Every year I read Christmas stories to my children each morning for the twelve days of Christmas, and then on December 23rd we read stories and sleep under the Christmas tree for Christmas Eve Eve. It’s one of our favorite Christmas traditions.
One story that always gets read on the build-up to Christmas Eve Eve is a story called "The Year Of The Flexible Flyers" written by Aney B. Chatterton. This story was published in The Ensign magazine in 1984.
Aney talks about the Christmas of her girlhood during the Great Depression of 1932 when the children didn’t dare hope for anything for Christmas. But all the parents in the town bonded together to get them their hearts’ desires: new, Flexible Flyer sleds — and the perfect Christmas. The community changed after that day. No longer were they concerned about the economic crisis. Instead they were united as families and as neighbors in a spirit of gratitude. We cry every time we read it because the story is so beautiful.
At the end of the story there is a part that is incredibly profound to me every time I read it. She wrote, “When the snow finally melted and it was time to store the sleds, we were reluctant to part with them. We clung to them as a child clings to a favorite blanket. They had given meaning to our lives and provided us with a sense of identity. That terrible monster, the Great Depression, no longer seemed such a threat to us.”
The sleds the children received were symbols of the love their families had for them and for the Savior. They knew they were part of something bigger than a holiday. They were part of families, part of communities, and children of God.
Where Does Our Identity Come From?
When children are small they start wondering who they are and who they will become. Historically, teachers and parents have taught children who they are and where they came from by teaching them about family roles and God. Who we are isn’t like choosing a career or what we wear, it’s much more complex than that.
Who we see ourselves as makes a big difference in how we choose to live our lives and what we see as the most important things in life. Who we see ourselves as leads us toward our school choices, our career choices and our life choices. Identity precedes other choices and happy living. People who don’t know who they are have miserable lives. With the confusion nowadays about who we are, it’s not surprising that suicide rates are ever increasing. But, who we are is not a choice like a career. It’s not that simple.
I think this profound story about children getting Flexible Flyers for Christmas during the Great Depression sheds light on where identity comes from and the role family and God play in that identity.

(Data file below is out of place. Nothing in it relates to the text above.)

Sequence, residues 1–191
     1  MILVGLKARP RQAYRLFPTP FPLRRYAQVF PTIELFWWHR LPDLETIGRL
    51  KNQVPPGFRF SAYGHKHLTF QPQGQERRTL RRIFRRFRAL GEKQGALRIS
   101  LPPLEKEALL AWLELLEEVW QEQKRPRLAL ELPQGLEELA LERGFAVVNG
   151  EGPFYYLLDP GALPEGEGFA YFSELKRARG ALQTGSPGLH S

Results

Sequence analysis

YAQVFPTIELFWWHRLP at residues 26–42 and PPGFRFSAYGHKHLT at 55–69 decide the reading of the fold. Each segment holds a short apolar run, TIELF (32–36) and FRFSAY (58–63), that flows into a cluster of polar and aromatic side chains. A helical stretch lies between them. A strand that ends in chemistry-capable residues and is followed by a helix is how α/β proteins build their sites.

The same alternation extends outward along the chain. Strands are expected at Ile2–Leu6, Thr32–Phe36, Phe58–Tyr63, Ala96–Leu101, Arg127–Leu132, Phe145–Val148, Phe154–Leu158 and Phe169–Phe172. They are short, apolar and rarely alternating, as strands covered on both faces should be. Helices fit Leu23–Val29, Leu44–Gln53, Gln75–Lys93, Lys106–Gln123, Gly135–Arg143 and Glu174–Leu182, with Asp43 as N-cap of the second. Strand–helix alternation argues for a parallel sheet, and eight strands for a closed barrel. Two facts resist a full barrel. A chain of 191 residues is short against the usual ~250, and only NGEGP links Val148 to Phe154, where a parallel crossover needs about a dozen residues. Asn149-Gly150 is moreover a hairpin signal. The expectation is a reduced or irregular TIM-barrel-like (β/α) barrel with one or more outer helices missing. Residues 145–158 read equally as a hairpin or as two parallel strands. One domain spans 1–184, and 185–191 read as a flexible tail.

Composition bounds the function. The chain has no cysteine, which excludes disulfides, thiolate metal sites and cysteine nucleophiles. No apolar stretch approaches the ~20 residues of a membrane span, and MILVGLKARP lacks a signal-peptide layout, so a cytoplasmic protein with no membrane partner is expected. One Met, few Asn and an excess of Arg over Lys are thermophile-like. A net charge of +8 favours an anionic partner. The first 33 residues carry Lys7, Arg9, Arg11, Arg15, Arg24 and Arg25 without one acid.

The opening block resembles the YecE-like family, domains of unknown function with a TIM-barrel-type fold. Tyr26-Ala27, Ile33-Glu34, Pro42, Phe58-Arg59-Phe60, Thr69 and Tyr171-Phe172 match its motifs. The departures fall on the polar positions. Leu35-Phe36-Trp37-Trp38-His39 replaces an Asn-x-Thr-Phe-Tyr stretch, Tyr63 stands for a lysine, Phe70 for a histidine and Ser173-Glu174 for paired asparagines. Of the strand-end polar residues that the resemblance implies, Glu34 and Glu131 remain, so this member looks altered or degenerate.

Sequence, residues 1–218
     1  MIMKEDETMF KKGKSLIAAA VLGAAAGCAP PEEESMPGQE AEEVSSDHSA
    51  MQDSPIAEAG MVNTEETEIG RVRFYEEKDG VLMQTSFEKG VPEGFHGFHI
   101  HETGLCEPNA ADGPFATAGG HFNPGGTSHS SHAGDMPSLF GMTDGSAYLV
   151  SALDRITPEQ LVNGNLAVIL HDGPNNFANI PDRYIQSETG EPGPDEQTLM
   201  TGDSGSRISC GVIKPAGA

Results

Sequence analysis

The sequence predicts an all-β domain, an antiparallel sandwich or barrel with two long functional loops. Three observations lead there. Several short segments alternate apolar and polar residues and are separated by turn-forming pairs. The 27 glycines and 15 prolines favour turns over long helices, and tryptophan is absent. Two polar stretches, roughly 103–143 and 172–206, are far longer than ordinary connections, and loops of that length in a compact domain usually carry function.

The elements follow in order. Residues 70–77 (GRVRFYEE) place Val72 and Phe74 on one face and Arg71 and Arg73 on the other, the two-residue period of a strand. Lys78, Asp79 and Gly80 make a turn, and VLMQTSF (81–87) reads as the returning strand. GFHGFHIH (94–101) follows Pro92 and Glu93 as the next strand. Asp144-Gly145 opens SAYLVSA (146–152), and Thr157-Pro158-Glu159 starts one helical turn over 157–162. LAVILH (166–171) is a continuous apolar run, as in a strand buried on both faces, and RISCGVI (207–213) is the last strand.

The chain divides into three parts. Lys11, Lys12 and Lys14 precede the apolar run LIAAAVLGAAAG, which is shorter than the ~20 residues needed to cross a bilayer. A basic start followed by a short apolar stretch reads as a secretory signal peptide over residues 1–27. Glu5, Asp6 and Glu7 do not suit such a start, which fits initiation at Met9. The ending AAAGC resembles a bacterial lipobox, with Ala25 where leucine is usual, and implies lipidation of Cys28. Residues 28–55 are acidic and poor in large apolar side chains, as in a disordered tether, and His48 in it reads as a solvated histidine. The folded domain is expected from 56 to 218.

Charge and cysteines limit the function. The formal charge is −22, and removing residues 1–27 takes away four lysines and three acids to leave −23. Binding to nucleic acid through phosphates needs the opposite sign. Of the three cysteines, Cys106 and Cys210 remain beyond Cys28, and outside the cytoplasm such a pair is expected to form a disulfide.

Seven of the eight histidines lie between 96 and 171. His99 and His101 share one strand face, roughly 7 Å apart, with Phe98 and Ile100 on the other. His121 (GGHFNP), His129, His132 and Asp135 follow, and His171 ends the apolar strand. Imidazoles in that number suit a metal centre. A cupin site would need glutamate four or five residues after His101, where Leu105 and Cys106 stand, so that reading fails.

There is a great book by Natan Sharansky called Defending Identity. In this book he says that the only way he made it through his 11 years in The Russian Gulag (where they tried to manipulate him to retract his statements that were rooted in his identity as a Jew) was to focus on the truth he knew. He said his family and his God were the source of his identity.
Think of Christmas. What is Christmas about? Family and God. It’s a time that literally makes us who we are. It gives us purpose for our lives.
Think of the people who sacrifice so much to bring Christmas joy to those who might not have it. Why would they do this? To give entitlements? No, to make the time of year that fuels our identity for a lifetime wonderful and meaningful. To act Christlike and loving, which reminds everyone the reason why Christmas is Christmas. It is His day and His time. Not only does Christmastime strengthen families and devotion, it also gives us purpose to our lives. As we remind ourselves of the true meaning of Christmas, we’re filled with determination and purpose to live better, do more and love more each day.
We become who we were intended to be. We find our identities.
Knowing Who We Are Makes Us Free
There is a common saying that says, “The truth will set you free.” Knowing who we are to God and to our families is truth, and it sets us free.
Natan Sharansky said, “Identity is regarded by an increasing number of intellectuals and public figures as an antagonist to freedom, as a source of conflict, and as a threat to peace. Yet the idea of a pitched battle between the forces of freedom and the forces of identity is entirely alien to me. I can read books and articles suggesting it is true. I can hear eloquent rationalizations explaining why it is true. But I know it is fake. Not only are strong identities vitally important to individuals who hope to lead a life of purpose, they are essential for the ability of a democratic nation to defend its cherished freedoms. Far from being enemies, freedom and identity are staunch allies in the struggle against evil.”
Remember this Christmas that it really isn’t about the money or the gifts, it’s about the sacrifice of time and love and the sacrifice of our Savior. Make memories on purpose this year. Those memories are helping the children, and maybe even the adults, develop strong and lasting identities that will help them live lives of purpose and happiness.
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